Watch Complications: The Chronograph
In this new series of articles about watches, we take a look at various watch ‘complications’, or features of a watch above and beyond the standard time-telling function. Complications can be relatively simple, such as adding date functionality, or extremely complex, such as displaying equation of time, the discrepancy between apparent and mean solar time. In this first article we take a look at the chronograph complication.
What is a chronograph?
A chronograph is a stopwatch. In its simplest form it will provide a central, sweeping seconds hand used to measure the passing of time. This seconds hand can be started, stopped and reset with successive button pushes. A slightly more complicated chronograph would include the ability to record not only seconds, but also minutes, hours and sometimes even tenths of a second, usually by utilising independent hands set either in one subsidiary dial, or in numerous subsidiary dials.
A chronograph will often appear alongside a tachymeter, a graduated bezel designed to enable rapid calculations of speed or distance. A well known example of this is the Rolex Daytona, pictured above, which features a fixed tachymeter bezel.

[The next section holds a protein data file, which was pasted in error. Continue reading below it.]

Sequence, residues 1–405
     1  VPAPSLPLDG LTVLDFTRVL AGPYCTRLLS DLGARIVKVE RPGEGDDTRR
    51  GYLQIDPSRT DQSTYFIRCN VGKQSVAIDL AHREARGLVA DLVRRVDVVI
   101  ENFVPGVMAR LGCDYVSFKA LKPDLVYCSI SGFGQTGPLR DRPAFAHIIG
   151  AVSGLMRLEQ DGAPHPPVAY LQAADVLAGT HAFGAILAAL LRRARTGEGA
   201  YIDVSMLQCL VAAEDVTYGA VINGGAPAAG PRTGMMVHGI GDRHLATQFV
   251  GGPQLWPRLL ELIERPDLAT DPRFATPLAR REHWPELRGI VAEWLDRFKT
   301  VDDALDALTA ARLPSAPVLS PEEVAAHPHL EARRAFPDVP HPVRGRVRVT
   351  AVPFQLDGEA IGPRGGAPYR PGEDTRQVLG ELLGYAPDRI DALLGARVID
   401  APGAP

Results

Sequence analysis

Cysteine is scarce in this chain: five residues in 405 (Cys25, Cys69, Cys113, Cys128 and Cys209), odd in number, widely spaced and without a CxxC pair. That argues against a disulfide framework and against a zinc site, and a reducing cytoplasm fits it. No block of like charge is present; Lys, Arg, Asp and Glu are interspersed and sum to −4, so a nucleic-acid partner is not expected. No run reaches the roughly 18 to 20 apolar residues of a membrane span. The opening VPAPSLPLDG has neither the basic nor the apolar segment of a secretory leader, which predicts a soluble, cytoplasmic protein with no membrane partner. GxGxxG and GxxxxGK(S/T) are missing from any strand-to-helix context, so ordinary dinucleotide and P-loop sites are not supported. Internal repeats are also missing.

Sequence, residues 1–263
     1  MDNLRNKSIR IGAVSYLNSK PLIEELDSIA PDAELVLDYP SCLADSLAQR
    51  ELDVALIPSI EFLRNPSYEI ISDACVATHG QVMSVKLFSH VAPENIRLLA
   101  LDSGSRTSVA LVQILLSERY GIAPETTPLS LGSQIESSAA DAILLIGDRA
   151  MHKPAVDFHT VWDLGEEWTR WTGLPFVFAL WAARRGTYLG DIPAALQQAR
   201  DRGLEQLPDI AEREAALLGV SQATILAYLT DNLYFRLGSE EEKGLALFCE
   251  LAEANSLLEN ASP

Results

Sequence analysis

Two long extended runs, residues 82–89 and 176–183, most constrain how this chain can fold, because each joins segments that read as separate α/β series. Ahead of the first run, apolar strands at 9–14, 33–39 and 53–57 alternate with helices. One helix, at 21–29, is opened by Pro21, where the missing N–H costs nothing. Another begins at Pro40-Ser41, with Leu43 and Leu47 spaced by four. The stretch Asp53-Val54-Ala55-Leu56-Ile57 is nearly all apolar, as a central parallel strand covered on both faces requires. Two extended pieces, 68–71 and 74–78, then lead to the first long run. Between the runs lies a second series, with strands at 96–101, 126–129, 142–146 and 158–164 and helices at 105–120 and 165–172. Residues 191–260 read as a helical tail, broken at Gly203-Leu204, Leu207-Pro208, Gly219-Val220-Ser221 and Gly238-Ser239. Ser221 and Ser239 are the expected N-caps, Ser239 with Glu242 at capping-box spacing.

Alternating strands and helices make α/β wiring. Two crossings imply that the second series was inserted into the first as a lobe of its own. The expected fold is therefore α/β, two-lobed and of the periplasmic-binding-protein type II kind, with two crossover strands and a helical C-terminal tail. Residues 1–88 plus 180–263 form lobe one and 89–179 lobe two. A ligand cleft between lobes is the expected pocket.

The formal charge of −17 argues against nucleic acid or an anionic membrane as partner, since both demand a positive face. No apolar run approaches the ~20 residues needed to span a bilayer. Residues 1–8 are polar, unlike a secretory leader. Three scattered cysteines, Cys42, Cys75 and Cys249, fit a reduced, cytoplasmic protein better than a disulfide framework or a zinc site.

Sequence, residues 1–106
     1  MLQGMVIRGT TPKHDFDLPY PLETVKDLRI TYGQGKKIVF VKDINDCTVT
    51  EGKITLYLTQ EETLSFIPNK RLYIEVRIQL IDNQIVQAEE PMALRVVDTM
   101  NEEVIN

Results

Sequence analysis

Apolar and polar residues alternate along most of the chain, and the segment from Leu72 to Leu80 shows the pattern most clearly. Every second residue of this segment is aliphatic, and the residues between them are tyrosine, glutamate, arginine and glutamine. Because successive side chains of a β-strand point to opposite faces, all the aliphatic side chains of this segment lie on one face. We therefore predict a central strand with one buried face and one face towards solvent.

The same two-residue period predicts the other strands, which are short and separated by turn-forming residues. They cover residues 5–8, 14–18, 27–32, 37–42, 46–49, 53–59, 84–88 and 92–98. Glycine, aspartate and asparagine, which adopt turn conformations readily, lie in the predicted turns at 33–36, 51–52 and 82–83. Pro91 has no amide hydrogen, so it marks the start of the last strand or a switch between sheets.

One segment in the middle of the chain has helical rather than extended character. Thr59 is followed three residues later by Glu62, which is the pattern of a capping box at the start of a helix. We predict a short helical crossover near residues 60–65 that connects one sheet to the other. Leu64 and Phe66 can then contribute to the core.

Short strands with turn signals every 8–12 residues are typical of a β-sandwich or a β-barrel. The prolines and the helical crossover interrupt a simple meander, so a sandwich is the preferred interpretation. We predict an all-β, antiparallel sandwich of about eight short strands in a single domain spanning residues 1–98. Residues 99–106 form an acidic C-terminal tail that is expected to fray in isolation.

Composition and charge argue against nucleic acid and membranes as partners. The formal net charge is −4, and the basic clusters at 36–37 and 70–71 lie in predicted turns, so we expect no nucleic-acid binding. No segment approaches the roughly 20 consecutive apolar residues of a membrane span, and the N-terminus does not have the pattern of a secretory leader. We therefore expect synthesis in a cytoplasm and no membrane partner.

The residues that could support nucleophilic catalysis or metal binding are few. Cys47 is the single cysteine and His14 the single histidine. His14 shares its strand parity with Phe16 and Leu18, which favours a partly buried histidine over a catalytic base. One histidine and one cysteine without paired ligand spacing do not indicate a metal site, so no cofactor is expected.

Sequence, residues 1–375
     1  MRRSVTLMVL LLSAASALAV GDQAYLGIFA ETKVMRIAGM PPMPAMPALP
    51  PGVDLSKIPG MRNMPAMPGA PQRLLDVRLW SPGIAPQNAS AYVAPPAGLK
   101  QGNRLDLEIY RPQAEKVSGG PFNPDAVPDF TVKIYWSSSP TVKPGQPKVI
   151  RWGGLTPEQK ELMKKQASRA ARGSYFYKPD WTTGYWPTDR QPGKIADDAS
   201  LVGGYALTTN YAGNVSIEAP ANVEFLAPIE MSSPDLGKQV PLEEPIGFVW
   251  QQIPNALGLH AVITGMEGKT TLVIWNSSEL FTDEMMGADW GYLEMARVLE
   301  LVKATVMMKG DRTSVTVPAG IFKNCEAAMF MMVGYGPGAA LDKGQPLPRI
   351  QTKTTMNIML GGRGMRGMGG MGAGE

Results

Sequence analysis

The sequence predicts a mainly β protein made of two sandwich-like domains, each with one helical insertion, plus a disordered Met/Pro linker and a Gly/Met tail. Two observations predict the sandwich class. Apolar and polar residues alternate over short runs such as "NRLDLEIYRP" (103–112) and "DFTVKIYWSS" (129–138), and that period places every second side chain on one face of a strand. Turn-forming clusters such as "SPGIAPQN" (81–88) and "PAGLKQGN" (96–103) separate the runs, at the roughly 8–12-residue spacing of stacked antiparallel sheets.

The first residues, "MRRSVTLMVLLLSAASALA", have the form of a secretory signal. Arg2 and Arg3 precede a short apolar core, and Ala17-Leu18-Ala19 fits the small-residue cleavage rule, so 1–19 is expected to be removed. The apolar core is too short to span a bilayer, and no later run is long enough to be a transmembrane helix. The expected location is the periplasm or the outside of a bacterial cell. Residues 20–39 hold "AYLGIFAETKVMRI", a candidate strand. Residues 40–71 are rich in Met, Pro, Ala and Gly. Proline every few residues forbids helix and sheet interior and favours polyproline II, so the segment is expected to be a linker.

A flyback chronograph is one which allows the timing hands to be reset and immediately commence timing again with the single press of a button. When used in conjunction with a tachymeter, this complication allows the user to record, for example, average speeds over consecutive miles. As each milestone marker is reached, the speed is read from the tachymeter as the timings hands are reset. They immediately begin timing again for the following mile with only a single button press.
Also known as a double chronograph or split-second chronograph, a rattrapante usually has two seconds hands which can be stopped and started independently of eachother. Under normal use the hands travel together, hidden one beneath the other. On activation, one hand is ‘left behind’ to record a lap time, for example. After reading the elapsed time, the stopped hand can be started again or reset to zero.
If you have any watches that you would like to sell, please contact Simon Rufus, watch specialist at Grand Auctions, Folkestone, Kent for further details.